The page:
FDA looks to fund AI/ML-based postmarket surveillance research approach for complex generics

FDA Today | By AMANDA CONTI

Jan. 16, 2024

The FDA today issued a funding opportunity announcement seeking to fund work that explores how real-world data sources could couple with artificial intelligence (AI)/machine learning (ML) algorithms to compare clinical outcomes between complex generic and brand-name products. The work could represent early steps toward modernizing one part of FDA’s regulation of this complicated product class.

Regulatory background: complex generics

  • Unlike new drug products, generic drugs do not require extensive clinical evidence to demonstrate safety or efficacy. Sponsors of these products may rely on evidence that the reference listed drug (RLD) is safe and effective to support market access. Under the terms of the 1984 Drug Price Competition and Patent Term Restoration Act (the Hatch-Waxman Act), a generic drug must only show that it is bioequivalent to the RLD. Specifically, companies are required to show that “the rate and extent of absorption of the drug do not show a significant difference from the rate and extent of absorption of the listed drug when administered at the same molar dose of the therapeutic ingredient under similar experimental conditions.”
  • Complex generics are defined as products with a complex active ingredient, formulation, delivery route, dosage form or method of administration. Some examples include polymers or large molecules like peptides, liposome formulations, and drug-device combination products. Development of these products may be significantly more difficult due to the inherent complexity of the product. For example, an inhalation product (such as an Orally Inhaled and Nasal Drug Products) requiring a metered-dose inhaler (MDI) may also be required to administer a specific amount of a product in a specific particle size to ensure proper absorption of the product. Alternately, an extremely small product (such as a nanomedicine) may be difficult to characterize, making it challenging to demonstrate sameness.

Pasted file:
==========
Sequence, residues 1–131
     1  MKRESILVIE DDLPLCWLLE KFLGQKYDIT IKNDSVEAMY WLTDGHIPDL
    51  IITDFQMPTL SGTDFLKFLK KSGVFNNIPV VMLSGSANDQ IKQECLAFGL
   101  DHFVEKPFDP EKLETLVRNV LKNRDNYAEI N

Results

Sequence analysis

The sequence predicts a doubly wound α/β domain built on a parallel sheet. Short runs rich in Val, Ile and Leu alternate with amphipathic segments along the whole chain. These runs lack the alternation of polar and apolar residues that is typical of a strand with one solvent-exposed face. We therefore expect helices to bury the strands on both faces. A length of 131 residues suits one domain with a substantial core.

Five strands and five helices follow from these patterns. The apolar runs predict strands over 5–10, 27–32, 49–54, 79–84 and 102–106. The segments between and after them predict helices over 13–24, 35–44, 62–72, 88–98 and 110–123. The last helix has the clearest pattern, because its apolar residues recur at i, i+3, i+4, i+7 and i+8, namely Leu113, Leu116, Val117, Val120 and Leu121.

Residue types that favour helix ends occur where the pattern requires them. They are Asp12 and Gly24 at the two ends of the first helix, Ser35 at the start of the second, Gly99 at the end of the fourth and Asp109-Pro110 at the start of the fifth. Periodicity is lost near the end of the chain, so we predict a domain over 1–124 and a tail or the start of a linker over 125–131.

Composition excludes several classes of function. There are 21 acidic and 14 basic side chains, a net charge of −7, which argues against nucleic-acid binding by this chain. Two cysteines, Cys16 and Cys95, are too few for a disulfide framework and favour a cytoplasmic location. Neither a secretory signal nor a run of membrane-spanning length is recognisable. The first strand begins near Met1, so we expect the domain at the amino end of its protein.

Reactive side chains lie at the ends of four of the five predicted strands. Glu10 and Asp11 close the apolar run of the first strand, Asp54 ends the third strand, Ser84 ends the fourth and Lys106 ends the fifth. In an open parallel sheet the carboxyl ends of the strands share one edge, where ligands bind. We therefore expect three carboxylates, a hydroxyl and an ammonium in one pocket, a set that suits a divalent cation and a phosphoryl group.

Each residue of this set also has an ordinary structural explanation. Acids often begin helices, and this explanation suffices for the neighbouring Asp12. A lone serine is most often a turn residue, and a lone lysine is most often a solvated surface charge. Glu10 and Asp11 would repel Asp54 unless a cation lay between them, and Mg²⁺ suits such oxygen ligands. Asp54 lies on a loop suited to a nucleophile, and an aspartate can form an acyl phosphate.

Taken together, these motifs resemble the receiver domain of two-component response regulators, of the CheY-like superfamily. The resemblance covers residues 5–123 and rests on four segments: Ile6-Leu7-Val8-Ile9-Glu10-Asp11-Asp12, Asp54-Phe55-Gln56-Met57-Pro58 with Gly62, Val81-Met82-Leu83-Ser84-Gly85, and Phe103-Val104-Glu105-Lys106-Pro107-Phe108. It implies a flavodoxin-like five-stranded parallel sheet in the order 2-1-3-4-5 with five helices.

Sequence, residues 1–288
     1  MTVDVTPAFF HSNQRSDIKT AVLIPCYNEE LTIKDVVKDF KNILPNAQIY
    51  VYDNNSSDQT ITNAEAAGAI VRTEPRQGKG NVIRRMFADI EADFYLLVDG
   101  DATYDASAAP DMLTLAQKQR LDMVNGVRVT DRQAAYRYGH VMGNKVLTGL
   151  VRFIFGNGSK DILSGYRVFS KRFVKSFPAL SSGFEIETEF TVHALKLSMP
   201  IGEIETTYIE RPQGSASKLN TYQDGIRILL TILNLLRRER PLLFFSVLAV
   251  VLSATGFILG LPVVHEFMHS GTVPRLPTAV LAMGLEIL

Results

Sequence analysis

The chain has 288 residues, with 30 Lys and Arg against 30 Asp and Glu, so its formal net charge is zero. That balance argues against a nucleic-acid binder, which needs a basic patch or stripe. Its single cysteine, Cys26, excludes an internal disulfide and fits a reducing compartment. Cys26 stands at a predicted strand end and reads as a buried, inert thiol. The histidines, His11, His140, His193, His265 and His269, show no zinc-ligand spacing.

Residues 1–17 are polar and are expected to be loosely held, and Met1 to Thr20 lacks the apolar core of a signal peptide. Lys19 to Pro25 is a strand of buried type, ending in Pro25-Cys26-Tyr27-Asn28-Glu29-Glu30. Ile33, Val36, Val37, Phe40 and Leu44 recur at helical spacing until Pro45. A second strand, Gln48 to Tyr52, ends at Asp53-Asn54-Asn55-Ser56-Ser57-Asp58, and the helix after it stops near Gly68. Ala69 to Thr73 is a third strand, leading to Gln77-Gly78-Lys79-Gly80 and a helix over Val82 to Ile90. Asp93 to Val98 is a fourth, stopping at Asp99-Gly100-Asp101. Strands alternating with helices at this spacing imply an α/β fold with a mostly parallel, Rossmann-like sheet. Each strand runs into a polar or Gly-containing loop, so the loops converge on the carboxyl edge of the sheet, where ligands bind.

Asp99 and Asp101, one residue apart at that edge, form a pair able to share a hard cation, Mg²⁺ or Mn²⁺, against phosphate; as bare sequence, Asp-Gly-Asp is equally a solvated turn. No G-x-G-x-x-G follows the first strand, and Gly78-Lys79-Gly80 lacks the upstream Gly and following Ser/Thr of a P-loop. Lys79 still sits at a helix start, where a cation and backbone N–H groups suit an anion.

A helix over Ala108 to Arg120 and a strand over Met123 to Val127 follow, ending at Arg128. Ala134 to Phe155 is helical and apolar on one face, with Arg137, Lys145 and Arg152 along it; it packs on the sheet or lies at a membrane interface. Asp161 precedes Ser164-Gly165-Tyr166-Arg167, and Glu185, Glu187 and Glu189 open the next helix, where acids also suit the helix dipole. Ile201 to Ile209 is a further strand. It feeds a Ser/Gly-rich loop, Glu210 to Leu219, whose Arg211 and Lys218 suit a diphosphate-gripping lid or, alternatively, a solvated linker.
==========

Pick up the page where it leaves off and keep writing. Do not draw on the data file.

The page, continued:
• The generic drug pathway was not set up with complex products in mind. As the FDA has previously acknowledged: “Many complex drug products did not exist” when the Hatch-Waxman Amendments was first passed into law. “As drugs have increased in complexity in recent years, the scientific and regulatory roadmaps for drug development and approval may not be as well-established for more complex generics.” In effect, the system for generic products was set up without these types of products in mind – meaning that the FDA (and industry) has had to backfill a regulatory framework for these products without an established path forward.

Regulatory context: FDA’s work to foster complex generics through the product lifecycle

  • FDA has allocated extensive research funding to support generic drug regulatory science. For example, the FDA funded an initiative with the Universities of Maryland and Michigan to establish the Center for Research on Complex Generics (CRCG) in 2020, which hosts research projects, trainings and workshops with both regulators and industry to work on complex generics topics. The agency also hosts regular workshops related to generic drug regulatory science topics, such as a May 2023 workshop to discuss technical issues, policy gaps and advice for developers of drug-device combination products.